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Weinberg Bill to Aid Crime Victims In Securing Legal Representation Now Law

Weinberg Session


TRENTON – Legislation sponsored by Senate Majority Leader Loretta Weinberg that would help crime victims to secure legal representation is now law. The law, S3076, increases the amount that may be paid to attorneys through the state’s Victims of Crime Compensation Office, which assists innocent individuals whose lives have been tragically altered as a result of victimization from violent crimes by providing compensation for some expenses they suffer.


“Survivors of violent crimes, including those who have suffered domestic violence, often must rely on resources from the state victims’ fund to obtain legal representation in their cases. Unfortunately, the compensation limits for attorney’s fees have remained unchanged for more than a decade, and crime victims are finding it difficult to find a lawyer willing to take their case at the current rate,” said Senator Weinberg. “This new law will help residents get the help they need to advance their case through the legal system and to see justice served.”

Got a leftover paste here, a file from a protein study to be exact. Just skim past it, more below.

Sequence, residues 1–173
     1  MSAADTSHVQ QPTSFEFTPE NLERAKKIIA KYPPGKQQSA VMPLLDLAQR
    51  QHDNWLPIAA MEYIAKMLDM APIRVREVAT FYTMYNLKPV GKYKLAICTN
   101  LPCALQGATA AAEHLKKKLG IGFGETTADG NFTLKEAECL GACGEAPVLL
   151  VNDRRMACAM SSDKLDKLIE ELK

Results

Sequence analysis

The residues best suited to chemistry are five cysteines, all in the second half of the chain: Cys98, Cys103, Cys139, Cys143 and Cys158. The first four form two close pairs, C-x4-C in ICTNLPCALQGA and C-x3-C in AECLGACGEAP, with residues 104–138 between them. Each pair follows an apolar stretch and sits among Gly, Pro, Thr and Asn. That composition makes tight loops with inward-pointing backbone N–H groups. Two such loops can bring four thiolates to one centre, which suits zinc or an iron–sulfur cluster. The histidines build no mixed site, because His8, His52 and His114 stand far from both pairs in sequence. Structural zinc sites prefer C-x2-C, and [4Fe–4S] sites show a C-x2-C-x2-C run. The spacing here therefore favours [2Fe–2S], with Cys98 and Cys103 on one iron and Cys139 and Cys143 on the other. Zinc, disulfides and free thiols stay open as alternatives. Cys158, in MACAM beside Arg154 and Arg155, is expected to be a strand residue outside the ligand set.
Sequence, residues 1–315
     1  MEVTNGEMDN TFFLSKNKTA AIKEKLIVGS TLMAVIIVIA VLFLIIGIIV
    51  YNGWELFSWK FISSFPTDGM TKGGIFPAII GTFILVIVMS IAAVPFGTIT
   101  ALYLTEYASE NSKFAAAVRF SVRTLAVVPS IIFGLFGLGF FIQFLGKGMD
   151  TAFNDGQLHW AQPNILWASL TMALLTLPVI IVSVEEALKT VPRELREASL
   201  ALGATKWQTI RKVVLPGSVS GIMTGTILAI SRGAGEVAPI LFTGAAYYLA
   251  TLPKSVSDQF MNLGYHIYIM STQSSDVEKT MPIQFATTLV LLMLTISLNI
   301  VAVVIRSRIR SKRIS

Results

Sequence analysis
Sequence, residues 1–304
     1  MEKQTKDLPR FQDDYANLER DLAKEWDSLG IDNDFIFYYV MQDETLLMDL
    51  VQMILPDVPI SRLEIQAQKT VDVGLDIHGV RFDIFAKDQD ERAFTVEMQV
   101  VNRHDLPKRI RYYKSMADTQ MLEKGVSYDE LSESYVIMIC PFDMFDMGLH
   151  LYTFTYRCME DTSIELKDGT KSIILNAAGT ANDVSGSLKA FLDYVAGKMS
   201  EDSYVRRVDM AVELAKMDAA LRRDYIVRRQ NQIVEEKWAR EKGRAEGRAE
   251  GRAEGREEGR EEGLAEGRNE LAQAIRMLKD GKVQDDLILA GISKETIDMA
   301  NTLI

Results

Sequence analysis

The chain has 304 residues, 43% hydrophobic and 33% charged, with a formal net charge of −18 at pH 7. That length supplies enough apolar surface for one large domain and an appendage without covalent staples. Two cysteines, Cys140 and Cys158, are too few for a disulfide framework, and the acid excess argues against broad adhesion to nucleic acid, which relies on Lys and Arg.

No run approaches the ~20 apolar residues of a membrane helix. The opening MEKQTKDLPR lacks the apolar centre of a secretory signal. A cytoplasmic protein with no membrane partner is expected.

The VCCO was established by the Criminal Injury Compensation Act of 1971 to help victims recover from the effects of violent crimes by providing financial assistance to victims, their families, and victim service providers to help alleviate the economic and emotional burdens of victimization.


Under previous law, the Victims of Crime Compensation Office could allow a payment of up $1,000 at an hourly rate set by the office (currently $125) to an attorney who provides legal assistance to a victim in any legal matter, including domestic violence, victims’ rights assistance, family law issues, and landlord tenant matters. This new law increases this payment to up to $3,000. The purpose of the fee is to encourage private attorneys to represent crime victims who would otherwise be unable to afford an attorney. The previous $1,000 fee had not been increased in over a decade and was not a sufficient incentive for attorneys to represent victims.


The Senate approved the bill by a vote of 27-9; the Assembly approved it 56-9-2. The law takes effect immediately.